This was a mixture of personal story starting with the tale of coming back from a foreign exchange visit to the USA rather chubbier than she went out and how she coped with such a life and wardrobe changing experience. Learning lessons from family friends and someone she referred to as ‘Dr Miracle’ she slowly outlines why French women in particular don’t get fat whilst still enjoying food and wine and all of the other ‘no no’s’ consistently associated with the West’s obesity epidemic. Most of her advice is very straight forward and very down to Earth starting with the blatantly obvious – if more calories go into your body than go out you will gain weight. That is essentially all you need to know. The ‘trick’ is to control those calories going both in and out of your body whilst still having fun with your food. Quite rightly the author says that if you force your body into what is essentially a starvation diet it will rebel and you’ll lose weight only to gain it back and then some! What you should do is give the body (and the pallet) a little of what it wants, drink LOTS of water, walk everywhere (or cycle) and always climb the stairs. Never eat on the move or in front of the TV, always eat quality food (and your body won’t crave quantity to compensate for poor quality) and never feel guilty over the occasional indulgence. Above all else find what works for you but expect it to change throughout your life with age, season, and life’s great events. Know your body and recognise what it’s telling you. Make food a part of your life – and an important part – without being obsessed by it. The author maintains that you can eat out, be a foodie and still stay slim.

OK, I skipped the recipes. I’m not generally a person who cooks which would horrify the author who is a great advocate for real food preferably prepared by your own hands. Processed food – no way! I also learnt to ignore her rather patronising and superior tone throughout the book – French women know the secret and I am going to let you into a small part of it! Sure she was amusing in places and often gave what I thought was reasonable advice but I doubt if I could have managed much more than the 272 pages of this slim volume. Definitely a different read for me and one that I am now going to pass on to my female work colleagues – at their request I hasten to add!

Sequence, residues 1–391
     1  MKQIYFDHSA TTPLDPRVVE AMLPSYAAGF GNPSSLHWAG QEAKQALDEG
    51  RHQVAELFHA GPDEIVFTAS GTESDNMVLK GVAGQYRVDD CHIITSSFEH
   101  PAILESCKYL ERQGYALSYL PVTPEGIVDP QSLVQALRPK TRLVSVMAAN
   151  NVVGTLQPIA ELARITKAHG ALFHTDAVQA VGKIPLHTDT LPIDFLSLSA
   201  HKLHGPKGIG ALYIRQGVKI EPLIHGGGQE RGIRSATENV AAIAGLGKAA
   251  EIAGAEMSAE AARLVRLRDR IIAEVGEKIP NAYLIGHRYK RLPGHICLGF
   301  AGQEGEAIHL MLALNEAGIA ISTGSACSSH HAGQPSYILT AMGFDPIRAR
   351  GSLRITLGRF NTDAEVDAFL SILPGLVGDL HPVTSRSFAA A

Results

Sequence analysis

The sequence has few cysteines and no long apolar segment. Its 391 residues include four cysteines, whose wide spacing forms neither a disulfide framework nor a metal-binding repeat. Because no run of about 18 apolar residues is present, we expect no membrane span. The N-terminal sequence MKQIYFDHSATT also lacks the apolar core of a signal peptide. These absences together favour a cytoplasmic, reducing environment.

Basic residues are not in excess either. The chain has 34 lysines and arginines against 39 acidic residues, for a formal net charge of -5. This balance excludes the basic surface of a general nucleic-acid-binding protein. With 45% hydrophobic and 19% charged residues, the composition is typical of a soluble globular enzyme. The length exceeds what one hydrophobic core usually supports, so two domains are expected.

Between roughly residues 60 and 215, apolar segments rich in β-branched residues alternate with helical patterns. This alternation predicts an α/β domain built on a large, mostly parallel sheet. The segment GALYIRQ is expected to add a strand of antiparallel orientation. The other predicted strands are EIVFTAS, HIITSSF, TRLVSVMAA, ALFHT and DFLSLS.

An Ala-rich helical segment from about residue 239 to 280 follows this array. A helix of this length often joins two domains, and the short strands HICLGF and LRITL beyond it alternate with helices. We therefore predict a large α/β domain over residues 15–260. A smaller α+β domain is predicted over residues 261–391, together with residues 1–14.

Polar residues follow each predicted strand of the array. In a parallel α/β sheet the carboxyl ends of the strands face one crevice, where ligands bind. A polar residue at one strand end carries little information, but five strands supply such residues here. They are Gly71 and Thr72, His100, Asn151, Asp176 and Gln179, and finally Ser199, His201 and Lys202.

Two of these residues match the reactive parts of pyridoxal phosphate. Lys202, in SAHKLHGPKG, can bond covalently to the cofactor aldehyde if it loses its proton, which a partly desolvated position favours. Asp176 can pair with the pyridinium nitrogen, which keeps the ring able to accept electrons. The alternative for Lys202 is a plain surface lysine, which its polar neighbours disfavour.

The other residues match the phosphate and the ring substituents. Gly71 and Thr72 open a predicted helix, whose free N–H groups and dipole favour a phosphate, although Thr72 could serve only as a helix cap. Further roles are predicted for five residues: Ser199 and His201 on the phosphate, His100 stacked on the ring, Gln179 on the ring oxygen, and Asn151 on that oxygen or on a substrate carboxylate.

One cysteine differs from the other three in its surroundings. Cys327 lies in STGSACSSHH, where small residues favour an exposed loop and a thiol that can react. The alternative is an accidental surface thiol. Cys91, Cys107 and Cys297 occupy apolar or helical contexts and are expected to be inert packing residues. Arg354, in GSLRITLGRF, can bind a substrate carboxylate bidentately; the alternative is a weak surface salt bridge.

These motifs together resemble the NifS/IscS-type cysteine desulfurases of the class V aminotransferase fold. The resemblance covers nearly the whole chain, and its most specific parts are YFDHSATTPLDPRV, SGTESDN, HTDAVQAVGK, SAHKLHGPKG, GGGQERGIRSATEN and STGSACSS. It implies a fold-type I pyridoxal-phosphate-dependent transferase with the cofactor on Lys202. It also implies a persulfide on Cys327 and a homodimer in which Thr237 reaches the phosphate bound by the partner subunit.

Monday, March 23, 2015

Possible fatty acid detected on Mars

By Paul Rincon for BBC News

20 March 2015

A fatty acid might be among organic molecules discovered on Mars by Nasa's Curiosity rover.

However, it's not possible at this stage to determine whether the compound has a biological or non-biological origin. And contamination could still be responsible for the finding. The results come from Curiosity's SAM instrument, and were presented at the 46th Lunar and Planetary Science Conference (LPSC) in Texas. Nasa scientist Daniel Glavin described the results from the first "wet chemistry" experiment carried out by Curiosity.

A long-chain carboxylic acid, or fatty acid, was a good fit for one of the data peaks detected in a mudstone called Cumberland, he told an audience at the meeting. A form of alcohol molecule may also be among the compounds analysed. The preliminary result will excite scientists because fatty acids are key components of the cell membranes found in all life forms, including microbial organisms. Dr Glavin told an audience that the result was "provocative", and said the link to biology was the "million-dollar question". But he explained that a non-biological origin was equally plausible at this stage of the research. One scientist commenting on the presentation suggested that contamination could not be ruled out as a cause of the signal.

The SAM team have been working to address the leak of a pre-existing chemical called MTBSTFA within the instrument. The fact this is also an organic molecule has complicated the search for indigenous carbon-containing compounds in Martian rocks. However, team members say they have turned the leak into an advantage, using their understanding of how MTBSTFA reacts with other compounds to identify Martian organics.

Curiosity landed on the Red Planet in August 2012, on a mission to explore Gale Crater, which billions of years ago would have held a lake. The instrument team has previously reported evidence of chlorobenzene in the same rock, from the Martian area known as Yellowknife Bay.

[…and that, ladies and gentlemen, is why we need people on Mars. No matter how good the robots are they just can’t do enough of the science stuff when it’s needed. If we had a team of scientists up there working away at the problem we’d have probably found life on Mars by now. So, it will cost the same as a small sized war – but what would you rather have? Proof of the existence of life elsewhere in the Solar System or more proof of the lack of intelligence on this one?]